Why Finland has the best schools
Key Excerpts from Article on Website of Los Angeles Times
Posted: September 18th, 2017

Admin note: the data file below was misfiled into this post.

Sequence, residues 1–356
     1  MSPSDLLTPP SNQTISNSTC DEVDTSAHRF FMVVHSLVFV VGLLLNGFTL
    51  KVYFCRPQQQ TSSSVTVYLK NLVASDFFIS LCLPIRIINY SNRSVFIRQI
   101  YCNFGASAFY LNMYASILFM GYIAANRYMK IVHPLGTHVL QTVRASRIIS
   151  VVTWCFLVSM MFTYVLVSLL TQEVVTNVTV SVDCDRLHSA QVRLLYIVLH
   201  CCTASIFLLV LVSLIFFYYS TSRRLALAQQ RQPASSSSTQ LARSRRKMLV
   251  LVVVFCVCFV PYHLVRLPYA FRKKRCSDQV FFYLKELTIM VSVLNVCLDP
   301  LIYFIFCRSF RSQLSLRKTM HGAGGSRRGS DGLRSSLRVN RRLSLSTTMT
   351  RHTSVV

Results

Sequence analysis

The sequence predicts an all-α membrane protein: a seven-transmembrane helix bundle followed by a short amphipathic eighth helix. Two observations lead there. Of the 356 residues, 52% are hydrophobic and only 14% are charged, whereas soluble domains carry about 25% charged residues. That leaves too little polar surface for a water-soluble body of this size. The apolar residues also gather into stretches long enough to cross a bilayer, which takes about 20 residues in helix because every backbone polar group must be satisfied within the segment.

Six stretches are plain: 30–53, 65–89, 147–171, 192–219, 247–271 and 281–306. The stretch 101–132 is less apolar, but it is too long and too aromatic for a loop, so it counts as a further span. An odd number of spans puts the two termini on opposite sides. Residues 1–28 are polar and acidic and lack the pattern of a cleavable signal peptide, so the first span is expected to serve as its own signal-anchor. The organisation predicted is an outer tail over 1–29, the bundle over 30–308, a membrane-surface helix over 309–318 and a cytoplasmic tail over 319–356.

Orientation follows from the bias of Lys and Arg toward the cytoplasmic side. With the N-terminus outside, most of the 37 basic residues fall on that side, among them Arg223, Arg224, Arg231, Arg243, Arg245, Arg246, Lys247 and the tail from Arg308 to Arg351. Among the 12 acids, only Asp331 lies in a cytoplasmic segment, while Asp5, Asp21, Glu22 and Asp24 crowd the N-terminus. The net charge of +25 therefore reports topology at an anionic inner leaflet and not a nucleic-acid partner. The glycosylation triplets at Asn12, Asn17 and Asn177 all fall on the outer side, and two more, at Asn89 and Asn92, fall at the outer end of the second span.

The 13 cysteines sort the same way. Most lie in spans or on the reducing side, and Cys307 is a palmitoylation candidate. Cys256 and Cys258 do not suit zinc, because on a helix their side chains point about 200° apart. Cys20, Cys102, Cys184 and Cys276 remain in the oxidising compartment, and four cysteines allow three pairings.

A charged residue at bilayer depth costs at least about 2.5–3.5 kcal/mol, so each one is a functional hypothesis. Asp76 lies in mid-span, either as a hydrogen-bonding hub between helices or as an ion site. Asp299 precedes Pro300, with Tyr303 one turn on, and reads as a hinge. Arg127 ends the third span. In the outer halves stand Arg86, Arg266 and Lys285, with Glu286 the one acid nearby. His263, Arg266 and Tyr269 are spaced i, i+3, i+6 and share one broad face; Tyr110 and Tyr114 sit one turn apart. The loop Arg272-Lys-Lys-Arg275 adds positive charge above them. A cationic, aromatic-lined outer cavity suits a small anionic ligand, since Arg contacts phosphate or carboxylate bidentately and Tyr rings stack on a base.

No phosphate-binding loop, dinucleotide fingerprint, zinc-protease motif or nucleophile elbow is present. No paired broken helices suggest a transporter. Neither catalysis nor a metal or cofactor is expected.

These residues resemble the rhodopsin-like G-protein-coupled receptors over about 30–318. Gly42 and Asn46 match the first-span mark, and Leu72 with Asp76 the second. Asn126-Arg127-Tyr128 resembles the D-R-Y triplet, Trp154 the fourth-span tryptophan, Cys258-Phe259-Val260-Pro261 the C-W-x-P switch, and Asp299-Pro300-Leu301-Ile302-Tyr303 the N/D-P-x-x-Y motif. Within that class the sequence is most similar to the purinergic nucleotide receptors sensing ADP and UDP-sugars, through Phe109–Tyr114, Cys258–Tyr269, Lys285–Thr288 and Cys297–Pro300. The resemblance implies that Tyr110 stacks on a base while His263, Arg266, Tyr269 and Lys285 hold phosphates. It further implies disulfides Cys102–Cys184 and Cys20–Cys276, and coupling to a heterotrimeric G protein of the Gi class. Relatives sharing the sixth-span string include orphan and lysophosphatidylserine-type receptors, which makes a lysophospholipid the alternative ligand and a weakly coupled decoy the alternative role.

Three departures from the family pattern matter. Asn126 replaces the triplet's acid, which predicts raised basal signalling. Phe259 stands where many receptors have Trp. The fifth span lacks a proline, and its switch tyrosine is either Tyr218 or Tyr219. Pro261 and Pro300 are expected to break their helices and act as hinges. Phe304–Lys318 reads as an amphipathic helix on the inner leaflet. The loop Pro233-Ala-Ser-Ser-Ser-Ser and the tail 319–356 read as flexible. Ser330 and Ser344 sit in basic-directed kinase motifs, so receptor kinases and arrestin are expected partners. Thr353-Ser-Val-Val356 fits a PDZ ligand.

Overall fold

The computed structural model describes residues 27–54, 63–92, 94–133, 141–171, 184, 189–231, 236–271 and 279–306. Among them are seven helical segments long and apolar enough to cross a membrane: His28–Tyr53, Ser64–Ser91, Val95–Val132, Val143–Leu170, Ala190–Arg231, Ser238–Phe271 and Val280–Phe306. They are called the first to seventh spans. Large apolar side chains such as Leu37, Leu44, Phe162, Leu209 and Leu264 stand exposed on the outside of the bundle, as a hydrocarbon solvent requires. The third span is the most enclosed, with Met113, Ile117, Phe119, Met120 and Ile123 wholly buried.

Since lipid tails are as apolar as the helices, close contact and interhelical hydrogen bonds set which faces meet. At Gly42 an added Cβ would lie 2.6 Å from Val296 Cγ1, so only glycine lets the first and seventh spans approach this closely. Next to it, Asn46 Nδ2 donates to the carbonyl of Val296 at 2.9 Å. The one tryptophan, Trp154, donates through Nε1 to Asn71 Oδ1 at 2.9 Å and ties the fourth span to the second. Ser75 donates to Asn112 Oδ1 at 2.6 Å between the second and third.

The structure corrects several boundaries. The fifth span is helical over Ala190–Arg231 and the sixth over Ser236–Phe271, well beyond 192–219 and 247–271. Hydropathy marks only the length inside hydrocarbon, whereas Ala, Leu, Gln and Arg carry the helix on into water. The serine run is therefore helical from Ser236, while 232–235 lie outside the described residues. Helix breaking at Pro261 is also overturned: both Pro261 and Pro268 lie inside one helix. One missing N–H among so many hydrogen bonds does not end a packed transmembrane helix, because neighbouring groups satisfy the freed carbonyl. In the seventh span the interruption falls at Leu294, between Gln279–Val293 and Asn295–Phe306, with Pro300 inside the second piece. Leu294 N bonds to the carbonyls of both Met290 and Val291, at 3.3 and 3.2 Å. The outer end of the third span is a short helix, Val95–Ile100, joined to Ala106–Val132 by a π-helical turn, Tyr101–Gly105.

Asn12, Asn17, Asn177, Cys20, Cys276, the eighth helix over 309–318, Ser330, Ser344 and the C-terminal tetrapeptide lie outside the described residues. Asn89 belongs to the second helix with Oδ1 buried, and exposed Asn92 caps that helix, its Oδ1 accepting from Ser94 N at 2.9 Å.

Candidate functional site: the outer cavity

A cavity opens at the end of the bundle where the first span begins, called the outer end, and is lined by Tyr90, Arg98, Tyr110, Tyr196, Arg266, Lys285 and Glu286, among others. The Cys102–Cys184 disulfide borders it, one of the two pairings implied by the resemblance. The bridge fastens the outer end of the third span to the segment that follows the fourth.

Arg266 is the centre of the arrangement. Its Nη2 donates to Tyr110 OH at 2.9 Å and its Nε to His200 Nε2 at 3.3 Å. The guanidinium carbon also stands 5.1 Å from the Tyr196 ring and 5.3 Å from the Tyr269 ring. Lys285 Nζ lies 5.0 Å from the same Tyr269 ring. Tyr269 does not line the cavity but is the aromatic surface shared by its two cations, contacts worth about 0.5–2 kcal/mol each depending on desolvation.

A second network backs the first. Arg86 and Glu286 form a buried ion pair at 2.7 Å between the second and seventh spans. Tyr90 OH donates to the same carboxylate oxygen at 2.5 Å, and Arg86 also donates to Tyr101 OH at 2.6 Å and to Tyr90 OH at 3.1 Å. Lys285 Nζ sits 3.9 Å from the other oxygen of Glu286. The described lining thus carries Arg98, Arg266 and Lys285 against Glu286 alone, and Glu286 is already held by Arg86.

Finland has a history of producing the highest global test scores in the Western world, as well as a trophy case full of other recent No. 1 global rankings, including most literate nation. In Finland, children don't receive formal academic training until the age of 7. Until then, many are in day care and learn through play, songs, games and conversation. Most children walk or bike to school, even the youngest. School hours are short and homework is generally light. Unlike in the United States, where many schools are slashing recess, schoolchildren in Finland have a mandatory 15-minute outdoor free-play break every hour of every day. Fresh air, nature and regular physical activity breaks are considered engines of learning. One evening, I asked my son what he did for gym that day. They sent us into the woods with a map and compass and we had to find our way out, he said. In Finland teachers are the most trusted and admired professionals next to doctors. Our mission as adults is to protect our children from politicians, one Finnish childhood education professor told me. We also have an ethical and moral responsibility to tell businesspeople to stay out of our building. Skeptics might claim that the Finnish model would never work in America's inner-city schools. But what if the opposite is true? What if high-poverty students are the children most urgently in need of the benefits that, for example, American parents of means obtain for their children in private schools, things that Finland delivers on a national public scale.
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